In the first years, Elad gained control on several additional properties in different means: 1. Properties were located by Elad and declared “Absentee Property” according to affidavits written by Elad’s people. Then they were confiscated and transferred to Elad without a tender and in return for minimal fees. For instance, Abbasi’s house was transferred this way. The court ruled that the house was declared absentee property based on a perjured affidavit. 2. Properties owned by the Jewish National Fund before 1948 were transferred to Elad without a tender and in return for minimal payment. 3. Purchasing of properties from local residents using middlemen. Residents who knew these men, say that they have used dubious means and pressure in order to achieve the deal. A special report (Klogman) from 1992 that was commissioned by the state to investigate the methods of property-transfer in East Jerusalem, showed that some of the means to transfer properties to the hands of settler organizations who operated in East Jerusalem were ineligible. By the mid-90s, Elad had managed to transfer to its control only several properties. The turning point was in 1997, and is explained in the next section.

Elad’s people in Abbasi’s house after the takeover, October 1991 Ghozlan’s house - the Ghozlan family, who had rented the house for decades, was removed as the JNF rented it to Elad instead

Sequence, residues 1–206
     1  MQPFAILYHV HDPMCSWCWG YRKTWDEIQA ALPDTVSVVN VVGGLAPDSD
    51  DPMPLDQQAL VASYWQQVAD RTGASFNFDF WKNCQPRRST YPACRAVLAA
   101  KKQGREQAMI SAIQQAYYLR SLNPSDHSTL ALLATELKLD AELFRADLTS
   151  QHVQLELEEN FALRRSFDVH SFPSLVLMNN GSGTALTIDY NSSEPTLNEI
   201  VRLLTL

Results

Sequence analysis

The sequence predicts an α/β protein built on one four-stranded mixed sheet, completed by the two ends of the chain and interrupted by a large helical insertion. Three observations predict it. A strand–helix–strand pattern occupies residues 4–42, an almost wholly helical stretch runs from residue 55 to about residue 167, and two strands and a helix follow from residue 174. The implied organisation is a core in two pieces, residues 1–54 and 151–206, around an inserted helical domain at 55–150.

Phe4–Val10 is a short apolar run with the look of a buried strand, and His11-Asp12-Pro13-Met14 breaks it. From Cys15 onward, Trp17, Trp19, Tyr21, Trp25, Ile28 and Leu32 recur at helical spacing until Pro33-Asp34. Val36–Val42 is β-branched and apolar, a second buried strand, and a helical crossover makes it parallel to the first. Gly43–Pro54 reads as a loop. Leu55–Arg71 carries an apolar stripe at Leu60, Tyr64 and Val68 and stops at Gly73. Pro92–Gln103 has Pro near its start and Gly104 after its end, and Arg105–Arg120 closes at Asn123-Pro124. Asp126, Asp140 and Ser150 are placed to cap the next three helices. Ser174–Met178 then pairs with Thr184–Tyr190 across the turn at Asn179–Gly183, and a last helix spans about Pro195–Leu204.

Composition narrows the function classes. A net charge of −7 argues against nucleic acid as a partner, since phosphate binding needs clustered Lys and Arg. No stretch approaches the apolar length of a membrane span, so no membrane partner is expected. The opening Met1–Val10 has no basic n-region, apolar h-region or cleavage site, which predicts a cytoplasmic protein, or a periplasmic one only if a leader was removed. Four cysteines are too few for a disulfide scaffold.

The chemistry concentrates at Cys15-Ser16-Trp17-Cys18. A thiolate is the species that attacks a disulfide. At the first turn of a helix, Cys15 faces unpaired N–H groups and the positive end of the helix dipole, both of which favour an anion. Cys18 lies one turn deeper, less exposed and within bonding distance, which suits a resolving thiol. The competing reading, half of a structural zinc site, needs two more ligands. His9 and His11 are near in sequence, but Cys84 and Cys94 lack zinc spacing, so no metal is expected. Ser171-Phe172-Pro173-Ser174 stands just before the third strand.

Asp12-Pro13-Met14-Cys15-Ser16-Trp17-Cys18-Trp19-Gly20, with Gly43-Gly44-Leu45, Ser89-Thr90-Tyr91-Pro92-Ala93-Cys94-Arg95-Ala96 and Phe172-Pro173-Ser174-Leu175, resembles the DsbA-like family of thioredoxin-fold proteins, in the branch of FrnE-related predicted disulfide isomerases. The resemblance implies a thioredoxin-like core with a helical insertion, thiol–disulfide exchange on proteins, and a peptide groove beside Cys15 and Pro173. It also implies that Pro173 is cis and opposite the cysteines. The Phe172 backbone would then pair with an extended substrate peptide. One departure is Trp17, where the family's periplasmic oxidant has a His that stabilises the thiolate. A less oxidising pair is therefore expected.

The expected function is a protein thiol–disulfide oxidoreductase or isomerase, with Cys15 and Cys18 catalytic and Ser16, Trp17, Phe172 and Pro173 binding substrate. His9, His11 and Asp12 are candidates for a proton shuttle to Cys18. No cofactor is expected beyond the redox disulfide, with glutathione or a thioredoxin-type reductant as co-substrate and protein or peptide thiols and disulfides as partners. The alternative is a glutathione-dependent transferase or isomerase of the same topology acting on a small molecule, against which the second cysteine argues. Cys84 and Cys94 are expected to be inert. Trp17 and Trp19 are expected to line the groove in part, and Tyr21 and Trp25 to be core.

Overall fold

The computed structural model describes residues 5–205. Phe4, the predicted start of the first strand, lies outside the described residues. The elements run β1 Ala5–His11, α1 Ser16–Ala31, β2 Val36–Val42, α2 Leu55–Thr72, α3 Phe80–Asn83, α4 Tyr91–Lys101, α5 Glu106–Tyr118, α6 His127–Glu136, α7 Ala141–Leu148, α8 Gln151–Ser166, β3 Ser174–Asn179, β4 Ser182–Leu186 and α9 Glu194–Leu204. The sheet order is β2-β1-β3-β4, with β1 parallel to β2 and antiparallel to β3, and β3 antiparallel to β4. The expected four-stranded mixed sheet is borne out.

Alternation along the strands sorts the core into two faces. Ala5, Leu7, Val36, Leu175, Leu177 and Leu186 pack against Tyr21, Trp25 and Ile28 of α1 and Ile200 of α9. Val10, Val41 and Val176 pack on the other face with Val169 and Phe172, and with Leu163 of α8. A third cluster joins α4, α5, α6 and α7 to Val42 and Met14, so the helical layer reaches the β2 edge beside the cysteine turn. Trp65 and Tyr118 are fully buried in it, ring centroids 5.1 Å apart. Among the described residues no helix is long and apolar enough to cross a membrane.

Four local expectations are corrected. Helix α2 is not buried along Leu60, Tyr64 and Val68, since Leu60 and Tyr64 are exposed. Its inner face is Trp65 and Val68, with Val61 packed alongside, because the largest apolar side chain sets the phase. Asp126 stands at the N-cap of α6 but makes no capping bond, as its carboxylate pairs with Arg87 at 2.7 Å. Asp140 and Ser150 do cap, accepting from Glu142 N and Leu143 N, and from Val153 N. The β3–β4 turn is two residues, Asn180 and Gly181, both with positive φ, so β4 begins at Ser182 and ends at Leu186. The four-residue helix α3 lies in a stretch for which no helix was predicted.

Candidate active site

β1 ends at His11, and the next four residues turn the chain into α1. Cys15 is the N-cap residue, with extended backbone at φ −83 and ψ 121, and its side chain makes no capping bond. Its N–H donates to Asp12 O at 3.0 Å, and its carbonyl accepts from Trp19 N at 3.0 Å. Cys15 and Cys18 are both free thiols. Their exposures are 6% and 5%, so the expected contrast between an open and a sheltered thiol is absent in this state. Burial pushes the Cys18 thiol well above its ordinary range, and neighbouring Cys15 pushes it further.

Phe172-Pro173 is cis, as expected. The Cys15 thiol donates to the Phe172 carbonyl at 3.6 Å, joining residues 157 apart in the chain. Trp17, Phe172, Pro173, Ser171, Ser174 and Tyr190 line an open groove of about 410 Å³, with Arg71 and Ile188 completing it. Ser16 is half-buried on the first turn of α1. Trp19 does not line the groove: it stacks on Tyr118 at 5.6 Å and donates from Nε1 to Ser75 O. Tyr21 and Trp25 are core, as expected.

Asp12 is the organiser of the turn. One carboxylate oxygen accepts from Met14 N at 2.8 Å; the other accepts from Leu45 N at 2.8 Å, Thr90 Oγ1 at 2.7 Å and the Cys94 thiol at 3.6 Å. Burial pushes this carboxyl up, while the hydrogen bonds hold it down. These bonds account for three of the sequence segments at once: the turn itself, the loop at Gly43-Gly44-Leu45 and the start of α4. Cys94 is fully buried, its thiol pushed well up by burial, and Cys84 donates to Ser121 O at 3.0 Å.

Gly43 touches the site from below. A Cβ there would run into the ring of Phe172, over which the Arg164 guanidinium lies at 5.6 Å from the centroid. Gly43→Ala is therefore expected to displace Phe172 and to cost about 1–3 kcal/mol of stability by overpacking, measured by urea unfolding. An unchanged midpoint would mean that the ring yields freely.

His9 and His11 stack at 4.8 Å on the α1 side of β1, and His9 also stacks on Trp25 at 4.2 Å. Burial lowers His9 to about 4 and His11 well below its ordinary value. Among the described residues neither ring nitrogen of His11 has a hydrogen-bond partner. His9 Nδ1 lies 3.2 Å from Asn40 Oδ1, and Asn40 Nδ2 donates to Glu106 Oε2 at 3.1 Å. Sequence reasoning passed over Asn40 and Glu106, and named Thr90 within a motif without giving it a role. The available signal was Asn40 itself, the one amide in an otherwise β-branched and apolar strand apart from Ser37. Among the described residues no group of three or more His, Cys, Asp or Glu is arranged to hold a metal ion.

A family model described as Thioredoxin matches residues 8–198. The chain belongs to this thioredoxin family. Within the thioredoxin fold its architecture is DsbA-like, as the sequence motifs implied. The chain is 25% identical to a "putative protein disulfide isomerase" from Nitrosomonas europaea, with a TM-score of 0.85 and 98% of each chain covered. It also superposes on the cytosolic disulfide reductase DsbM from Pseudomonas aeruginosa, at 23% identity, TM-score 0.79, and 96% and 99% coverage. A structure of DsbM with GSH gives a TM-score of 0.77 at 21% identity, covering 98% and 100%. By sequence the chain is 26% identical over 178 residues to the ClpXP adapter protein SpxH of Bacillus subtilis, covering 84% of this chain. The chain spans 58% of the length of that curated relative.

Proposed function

Turning Point In 1997, Elad received from the Israeli Land Administration the responsibility for the preservation and maintenance of City of David national park, which lies in the heart of Wadi Hilwah neighborhood, the internationally significant site of ancient Jerusalem. Perhaps that is why the Israeli Antiquities Authority opposed handing responsibility to Elad, a private body with a clear political agenda for the area. Following an appeal to the Israeli High Court, the contract with Elad was annulled. However, the contract was reenacted in 2002 by the Israeli Parks and Nature Authority. Surprisingly, the Antiquities Authority did not oppose the move in its second round. Archaeology in Elad’s Era Since Elad received responsibility for the national park’s management, the rate of archaeological excavations has doubled and tripled. Mobilizing millions of dollars, Elad initiates many controversial excavations that are carried out by the Antiquities Authority. It is important to understand that almost all excavations in Wadi Hilwah are defined as salvage excavations. In contrast to excavations licensed and executed by academic institutes, salvage excavations are authorized by an internal process of the Antiquities Authority in order to rescue and document findings before future construction. In Wadi Hilwah, however, building is completely prohibited, and therefore, it is not clear under which provision and authority these salvage excavations are carried out.